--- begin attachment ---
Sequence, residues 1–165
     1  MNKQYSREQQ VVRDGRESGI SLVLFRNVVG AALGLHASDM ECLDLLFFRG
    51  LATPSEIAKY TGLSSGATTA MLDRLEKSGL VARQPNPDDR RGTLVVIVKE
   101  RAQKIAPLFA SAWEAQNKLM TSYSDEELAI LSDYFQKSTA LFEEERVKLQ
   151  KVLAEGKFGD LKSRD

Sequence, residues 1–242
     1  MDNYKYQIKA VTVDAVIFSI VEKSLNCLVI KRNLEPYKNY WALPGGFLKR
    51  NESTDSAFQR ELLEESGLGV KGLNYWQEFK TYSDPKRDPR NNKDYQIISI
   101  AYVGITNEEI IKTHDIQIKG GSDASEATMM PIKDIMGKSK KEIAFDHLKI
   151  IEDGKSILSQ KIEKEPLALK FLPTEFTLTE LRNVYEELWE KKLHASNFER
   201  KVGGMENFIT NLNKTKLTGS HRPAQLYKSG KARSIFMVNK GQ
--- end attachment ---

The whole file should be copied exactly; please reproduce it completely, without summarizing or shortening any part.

Sequence, residues 1–165
     1  MNKQYSREQQ VVRDGRESGI SLVLFRNVVG AALGLHASDM ECLDLLFFRG
    51  LATPSEIAKY TGLSSGATTA MLDRLEKSGL VARQPNPDDR RGTLVVIVKE
   101  RAQKIAPLFA SAWEAQNKLM TSYSDEELAI LSDYFQKSTA LFEEERVKLQ
   151  KVLAEGKFGD LKSRD

Sequence, residues 1–242
     1  MDNYKYQIKA VTVDAVIFSI VEKSLNCLVI KRNLEPYKNY WALPGGFLKR
    51  NESTDSAFQR ELLEESGLGV KGLNYWQEFK TYSDPKRDPR NNKDYQIISI
   101  AYVGITNEEI IKTHDIQIKG GSDASEATMM PIKDIMGKSK KEIAFDHLKI
   151  IEDGKSILSQ KIEKEPLALK FLPTEFTLTE LRNVYEELWE KKLHASNFER
   201  KVGGMENFIT NLNKTKLTGS HRPAQLYKSG KARSIFMVNK GQ